Further progress in orders from mining and oil and gas clients prompted Weir, the maker of industrial pumps, to raise revenue and profit expectations again following several previous upgrades over the past 12 months.

Promoted to the FTSE 100 index in September on the back of a share price that has more than doubled over the past year, Weir said it expected profits for the full year to come in ahead of previous expectations. Sales momentum, it reported, had continued into its third quarter to October 1.

Analysts, whose full-year profits forecasts had ranged from £264m to £280m, upgraded figures between 5 and 10 per cent after Weir said it expected at least to match the £144m interim profit over the second half of its year.

Orders levels for new mining equipment rose, a factor expected to underpin revenues into the new year.

However, Keith Cochrane, chief executive, said he was particularly pleased by a surge in demand for Weir’s repair and maintenance mining business.

After a burst of restocking among mining customers, Weir had feared that performance in the segment might stutter.

Orders at Weir’s oil and gas business also grew amid a sharp third-quarter rise in North American drilling rig counts aimed at exploiting oil and liquid-rich shale formations.

However, order input at Weir’s power and industrial business slipped 7 per cent. This was said to be a reflection of the “phasing of major nuclear orders and continued weakness in industrial markets”.

Mr Cochrane said the company had initially adopted a cautious approach as it was difficult to predict to what extent some business was being driven by restocking rather than an underlying improvement in customer demand.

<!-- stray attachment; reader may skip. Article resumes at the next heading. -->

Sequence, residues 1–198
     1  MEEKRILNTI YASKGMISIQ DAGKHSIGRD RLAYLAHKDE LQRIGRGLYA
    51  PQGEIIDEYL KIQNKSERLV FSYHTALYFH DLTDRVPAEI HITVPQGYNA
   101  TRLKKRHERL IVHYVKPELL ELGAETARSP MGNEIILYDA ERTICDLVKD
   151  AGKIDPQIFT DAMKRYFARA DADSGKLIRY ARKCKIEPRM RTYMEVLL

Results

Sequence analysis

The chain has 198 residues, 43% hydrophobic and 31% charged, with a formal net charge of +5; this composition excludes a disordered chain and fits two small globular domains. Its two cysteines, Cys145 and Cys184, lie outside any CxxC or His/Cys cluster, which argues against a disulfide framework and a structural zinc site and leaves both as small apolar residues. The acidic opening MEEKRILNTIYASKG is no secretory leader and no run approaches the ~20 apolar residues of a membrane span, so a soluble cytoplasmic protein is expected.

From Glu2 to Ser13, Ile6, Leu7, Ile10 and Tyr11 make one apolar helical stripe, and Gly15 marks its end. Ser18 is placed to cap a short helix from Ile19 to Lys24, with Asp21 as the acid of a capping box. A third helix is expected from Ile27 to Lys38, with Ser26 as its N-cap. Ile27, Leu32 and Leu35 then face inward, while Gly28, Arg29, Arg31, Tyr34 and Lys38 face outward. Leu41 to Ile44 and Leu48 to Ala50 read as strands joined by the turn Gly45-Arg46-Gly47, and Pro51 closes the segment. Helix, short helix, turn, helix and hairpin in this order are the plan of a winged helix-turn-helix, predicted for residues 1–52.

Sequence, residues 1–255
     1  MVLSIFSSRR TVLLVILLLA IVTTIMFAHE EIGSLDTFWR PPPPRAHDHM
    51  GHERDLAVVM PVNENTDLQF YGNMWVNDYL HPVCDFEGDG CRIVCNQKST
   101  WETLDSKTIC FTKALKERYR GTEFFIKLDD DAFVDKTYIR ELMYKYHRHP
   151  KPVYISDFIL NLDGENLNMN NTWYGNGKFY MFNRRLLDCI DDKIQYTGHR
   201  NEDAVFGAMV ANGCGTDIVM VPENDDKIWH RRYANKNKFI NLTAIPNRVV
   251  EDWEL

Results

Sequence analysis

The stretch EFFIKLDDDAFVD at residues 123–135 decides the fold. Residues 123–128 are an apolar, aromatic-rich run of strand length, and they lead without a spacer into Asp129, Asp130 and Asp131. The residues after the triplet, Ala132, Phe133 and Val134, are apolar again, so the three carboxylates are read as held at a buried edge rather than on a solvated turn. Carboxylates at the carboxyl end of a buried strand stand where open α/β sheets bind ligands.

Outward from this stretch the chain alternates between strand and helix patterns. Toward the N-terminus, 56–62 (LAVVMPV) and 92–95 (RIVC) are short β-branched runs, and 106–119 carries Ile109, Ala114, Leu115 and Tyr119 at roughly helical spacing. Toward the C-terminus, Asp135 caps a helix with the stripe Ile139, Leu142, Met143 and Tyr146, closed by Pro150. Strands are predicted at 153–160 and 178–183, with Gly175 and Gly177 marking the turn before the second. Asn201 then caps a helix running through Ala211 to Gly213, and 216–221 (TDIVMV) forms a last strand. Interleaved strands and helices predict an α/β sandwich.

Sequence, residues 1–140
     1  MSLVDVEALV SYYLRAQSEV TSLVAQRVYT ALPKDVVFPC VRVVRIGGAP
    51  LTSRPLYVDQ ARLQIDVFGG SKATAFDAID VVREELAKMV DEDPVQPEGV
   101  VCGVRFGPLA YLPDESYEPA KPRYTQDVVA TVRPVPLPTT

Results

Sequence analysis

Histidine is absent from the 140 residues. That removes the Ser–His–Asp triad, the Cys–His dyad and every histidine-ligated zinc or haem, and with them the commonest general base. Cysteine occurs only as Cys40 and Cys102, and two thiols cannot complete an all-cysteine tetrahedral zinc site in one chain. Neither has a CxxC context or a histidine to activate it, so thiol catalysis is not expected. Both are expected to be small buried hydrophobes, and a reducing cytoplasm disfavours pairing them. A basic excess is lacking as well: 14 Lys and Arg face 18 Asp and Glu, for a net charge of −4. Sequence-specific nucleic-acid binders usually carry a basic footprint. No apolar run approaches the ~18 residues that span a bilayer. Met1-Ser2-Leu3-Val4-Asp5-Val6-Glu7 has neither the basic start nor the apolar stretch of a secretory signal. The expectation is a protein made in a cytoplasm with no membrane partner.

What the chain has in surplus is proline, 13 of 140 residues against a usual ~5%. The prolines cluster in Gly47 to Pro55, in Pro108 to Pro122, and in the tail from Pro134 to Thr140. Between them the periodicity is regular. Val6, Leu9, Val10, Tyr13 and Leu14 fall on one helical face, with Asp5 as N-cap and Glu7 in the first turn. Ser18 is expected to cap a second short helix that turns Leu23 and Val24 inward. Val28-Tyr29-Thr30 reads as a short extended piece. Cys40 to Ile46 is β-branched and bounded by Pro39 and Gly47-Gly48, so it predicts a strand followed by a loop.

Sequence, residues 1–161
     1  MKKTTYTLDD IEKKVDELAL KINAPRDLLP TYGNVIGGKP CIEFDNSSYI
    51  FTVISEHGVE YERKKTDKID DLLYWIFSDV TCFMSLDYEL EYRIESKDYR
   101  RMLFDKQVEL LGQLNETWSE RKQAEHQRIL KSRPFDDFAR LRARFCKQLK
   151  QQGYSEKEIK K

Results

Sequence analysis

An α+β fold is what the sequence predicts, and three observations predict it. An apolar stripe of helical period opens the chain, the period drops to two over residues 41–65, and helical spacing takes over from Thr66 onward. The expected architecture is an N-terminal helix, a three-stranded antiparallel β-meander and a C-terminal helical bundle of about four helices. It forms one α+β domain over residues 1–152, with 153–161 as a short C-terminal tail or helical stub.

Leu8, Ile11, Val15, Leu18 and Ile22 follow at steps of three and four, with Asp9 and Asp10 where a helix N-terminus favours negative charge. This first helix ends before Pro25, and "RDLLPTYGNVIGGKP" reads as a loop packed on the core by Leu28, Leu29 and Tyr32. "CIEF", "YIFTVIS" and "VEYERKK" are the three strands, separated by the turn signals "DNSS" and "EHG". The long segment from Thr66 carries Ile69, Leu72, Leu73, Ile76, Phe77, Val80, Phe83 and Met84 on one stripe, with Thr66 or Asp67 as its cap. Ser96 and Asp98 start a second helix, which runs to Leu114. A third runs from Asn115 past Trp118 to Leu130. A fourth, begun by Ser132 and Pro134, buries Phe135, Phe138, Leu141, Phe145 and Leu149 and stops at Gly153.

“Twelve months ago, our business was down year-on-year. Now, in the immediate term, the outlook for each of our end markets is positive – but I doubt we can repeat the scale of updates we have had this year,” he said.

Shares in Weir, up 120 per cent on the year, slipped 21p to £15.37 on Monday as brokers edged up forecasts to the £288m level implied by Weir’s statement.

During the quarter Weir completed the $200m (£125m) acquisition of Malaysian Linatex, a maker of wear-resistant products to the mining industry, which edged up net debt.

Steve Medlicott, analyst at Altium, on Monday maintained a “hold” stance, arguing that while the shares had been strong performers since entering the FTSE 100, “their recent rise had already anticipated much of this good news”.

Harry Philips at Evolution lifted his earnings per share forecasts by 10 per cent to 97.9p and maintained a “buy” stance, arguing the company’s valuation still had “has much further to run”.

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